But even as Facebook makes unpopular messages more expensive to distribute, it can still promote polarization on a grander scale: thanks to Facebook’s microtargeting capabilities, voters can see fewer viewpoints that they might disagree with, because Facebook algorithms treat disagreement as bad for the user experience. On one hand, the actual impact of these dynamics is unknown; public data simply isn’t available. But on its face, the ad engine would seem to promote the creation and exploitation of filter bubbles.
In the pre-digital era, political candidates seeking to buy advertising competed on a relatively even playing field. Candidates buying airtime on television shows, ad space in newspapers, or postage for direct mail, are charged roughly equivalent prices to reach the same amount of people. Since 1927, the equal-time rule has required radio and television stations to offer equivalent time to political candidates if they ask for it, and at the same price. It originated out of fears that broadcasters would refuse to sell time to political candidates — or sell it to them at unfair rates.
The fact that one of the country’s dominant political ad platforms throttles messaging based on its shareability is a fact political campaigns must reckon with, and adapt to. “It’s the same dynamic that BuzzFeed and Jonah Peretti really mastered,” says Tim Wu, author of The Attention Merchants, an examination and critique of ad technology on Facebook and other platforms. “Vitality depends on strong emotional responses, hence polarized messages, whether advertising or news or whatever, travel further.”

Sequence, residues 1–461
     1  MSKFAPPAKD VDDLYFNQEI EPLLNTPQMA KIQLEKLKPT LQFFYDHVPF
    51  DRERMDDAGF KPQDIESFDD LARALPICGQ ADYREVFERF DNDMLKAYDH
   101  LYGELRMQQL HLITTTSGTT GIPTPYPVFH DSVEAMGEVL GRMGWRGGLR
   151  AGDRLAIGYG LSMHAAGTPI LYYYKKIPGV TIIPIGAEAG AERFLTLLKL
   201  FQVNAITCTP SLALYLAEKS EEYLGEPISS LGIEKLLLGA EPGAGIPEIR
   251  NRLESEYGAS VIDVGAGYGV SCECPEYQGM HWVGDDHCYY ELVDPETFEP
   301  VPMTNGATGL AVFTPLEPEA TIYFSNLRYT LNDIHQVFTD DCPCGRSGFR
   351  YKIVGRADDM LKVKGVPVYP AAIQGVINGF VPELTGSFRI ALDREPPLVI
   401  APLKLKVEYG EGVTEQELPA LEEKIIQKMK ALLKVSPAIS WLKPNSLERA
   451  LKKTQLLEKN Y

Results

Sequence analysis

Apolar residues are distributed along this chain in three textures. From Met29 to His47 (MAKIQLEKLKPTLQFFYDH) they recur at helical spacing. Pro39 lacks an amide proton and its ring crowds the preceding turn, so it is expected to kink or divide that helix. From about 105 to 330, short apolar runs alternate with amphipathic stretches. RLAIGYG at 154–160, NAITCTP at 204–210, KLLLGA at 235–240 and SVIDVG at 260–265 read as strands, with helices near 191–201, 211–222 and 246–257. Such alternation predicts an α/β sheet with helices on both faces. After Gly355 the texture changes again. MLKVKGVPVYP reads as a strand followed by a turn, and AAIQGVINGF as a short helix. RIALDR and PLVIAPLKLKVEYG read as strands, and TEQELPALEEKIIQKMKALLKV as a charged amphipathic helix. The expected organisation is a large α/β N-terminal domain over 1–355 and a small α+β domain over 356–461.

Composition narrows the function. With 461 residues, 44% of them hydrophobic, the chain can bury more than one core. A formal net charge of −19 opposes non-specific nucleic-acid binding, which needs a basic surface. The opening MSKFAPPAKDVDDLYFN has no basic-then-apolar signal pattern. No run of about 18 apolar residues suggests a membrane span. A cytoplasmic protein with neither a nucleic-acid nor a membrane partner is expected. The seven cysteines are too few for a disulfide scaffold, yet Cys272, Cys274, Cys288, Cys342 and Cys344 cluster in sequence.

The Trump campaign did not respond to a request for comment. It has previously said the company’s advertising tools were essential to its strategy. “Without Facebook, we wouldn’t have won,” Trump digital campaign official Theresa Wong said in a BBC documentary last month. Representatives of the Clinton campaign declined to comment.
To place an ad on Facebook, a political campaign has to win an automated auction. At any given time, millions of advertisers are competing to place ads in front of Facebook’s 2 billion-plus daily users. Advertisers can price their ads by the number of people who see it, the number of people who click on a link, or the number of people who engage with the ad, such as by watching a video or installing an app. Facebook averages out the cost of these various ads into a figure it calls an “eCPM” — the effective cost per 1,000 impressions.